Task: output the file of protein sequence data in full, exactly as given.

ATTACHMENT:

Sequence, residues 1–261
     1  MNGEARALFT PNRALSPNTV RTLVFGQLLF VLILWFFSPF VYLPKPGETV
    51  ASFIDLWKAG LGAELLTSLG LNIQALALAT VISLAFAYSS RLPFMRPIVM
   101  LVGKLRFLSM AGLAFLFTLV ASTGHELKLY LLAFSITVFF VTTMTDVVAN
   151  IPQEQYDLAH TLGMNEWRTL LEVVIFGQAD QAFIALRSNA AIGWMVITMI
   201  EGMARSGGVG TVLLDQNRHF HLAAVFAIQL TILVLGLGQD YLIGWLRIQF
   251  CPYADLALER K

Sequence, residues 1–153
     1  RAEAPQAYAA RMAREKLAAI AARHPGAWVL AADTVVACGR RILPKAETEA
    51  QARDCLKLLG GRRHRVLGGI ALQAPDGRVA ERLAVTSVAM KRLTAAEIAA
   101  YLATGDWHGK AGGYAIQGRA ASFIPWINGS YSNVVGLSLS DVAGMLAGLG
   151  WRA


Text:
Sequence, residues 1–261
     1  MNGEARALFT PNRALSPNTV RTLVFGQLLF VLILWFFSPF VYLPKPGETV
    51  ASFIDLWKAG LGAELLTSLG LNIQALALAT VISLAFAYSS RLPFMRPIVM
   101  LVGKLRFLSM AGLAFLFTLV ASTGHELKLY LLAFSITVFF VTTMTDVVAN
   151  IPQEQYDLAH TLGMNEWRTL LEVVIFGQAD QAFIALRSNA AIGWMVITMI
   201  EGMARSGGVG TVLLDQNRHF HLAAVFAIQL TILVLGLGQD YLIGWLRIQF
   251  CPYADLALER K

Sequence, residues 1–153
     1  RAEAPQAYAA RMAREKLAAI AARHPGAWVL AADTVVACGR RILPKAETEA
    51  QARDCLKLLG GRRHRVLGGI ALQAPDGRVA ERLAVTSVAM KRLTAAEIAA
   101  YLATGDWHGK AGGYAIQGRA ASFIPWINGS YSNVVGLSLS DVAGMLAGLG
   151  WRA